Federal Nondelegation Doctrine: Debunking the Myth, Part 1

My recent article in the Notre Dame Law Review titled “The Myth of the Federal Private Nondelegation Doctrine” debunks the myth that delegations of government power to private parties are unconstitutional. Despite widespread claims from judges and scholars, there is no evidence of such a doctrine and it seems to be nonexistent.

The article offers a new taxonomy that breaks down the different nondelegation doctrines, emphasizing the various reasons why a delegation might be problematic. These include giver-based, recipient-based, and application-based doctrines. By examining these different doctrines, it becomes clear that none of them categorically rules out private delegations. In fact, some doctrines actually facilitate privatization by exempting certain private delegations from constitutional requirements.

While private status may play a role in some cases, it is important to recognize that the factors relevant to these doctrines can apply to both the public and private sectors. Therefore, it becomes an empirical question, and the same factors can potentially invalidate public delegations as well. The article suggests that constitutional law should focus on specific objectionable factors rather than maintaining a formal public-versus-private distinction.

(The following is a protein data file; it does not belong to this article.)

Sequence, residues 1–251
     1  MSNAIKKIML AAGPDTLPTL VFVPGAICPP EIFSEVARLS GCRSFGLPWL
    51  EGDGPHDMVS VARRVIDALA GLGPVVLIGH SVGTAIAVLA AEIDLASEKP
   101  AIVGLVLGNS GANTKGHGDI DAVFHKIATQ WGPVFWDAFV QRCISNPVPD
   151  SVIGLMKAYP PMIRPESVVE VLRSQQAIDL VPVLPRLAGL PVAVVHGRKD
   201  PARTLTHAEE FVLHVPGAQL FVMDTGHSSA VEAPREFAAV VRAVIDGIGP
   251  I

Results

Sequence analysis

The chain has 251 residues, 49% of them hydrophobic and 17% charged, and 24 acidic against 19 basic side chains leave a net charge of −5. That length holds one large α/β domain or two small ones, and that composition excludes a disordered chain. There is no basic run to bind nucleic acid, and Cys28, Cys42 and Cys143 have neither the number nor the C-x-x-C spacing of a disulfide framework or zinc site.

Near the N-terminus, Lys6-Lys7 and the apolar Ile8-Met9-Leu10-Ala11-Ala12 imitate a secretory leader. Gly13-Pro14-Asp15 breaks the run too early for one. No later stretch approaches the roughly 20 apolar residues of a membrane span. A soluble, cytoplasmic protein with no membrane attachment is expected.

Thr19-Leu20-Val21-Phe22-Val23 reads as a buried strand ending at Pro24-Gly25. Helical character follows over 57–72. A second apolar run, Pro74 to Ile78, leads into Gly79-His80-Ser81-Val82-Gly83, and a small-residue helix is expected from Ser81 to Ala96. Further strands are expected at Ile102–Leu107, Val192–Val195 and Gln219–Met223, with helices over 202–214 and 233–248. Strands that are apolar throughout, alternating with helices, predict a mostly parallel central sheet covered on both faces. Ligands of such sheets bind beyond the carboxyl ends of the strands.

The introduction examines historical cases and recent court decisions that have perpetuated the belief that the nondelegation doctrine prohibits delegations to private entities. However, it highlights a significant problem with this consensus, emphasizing that once the doctrines are disentangled, none of them rule out private delegations as a whole.

The article’s taxonomy, with three basic categories, clarifies why specific delegations might be considered unconstitutional. These categories include legislative power, constitutional appointments, and due process rights. The article ultimately challenges the prevailing belief that private entities are categorically disabled from exercising federal power and argues for a reexamination of the nondelegation doctrines in future cases.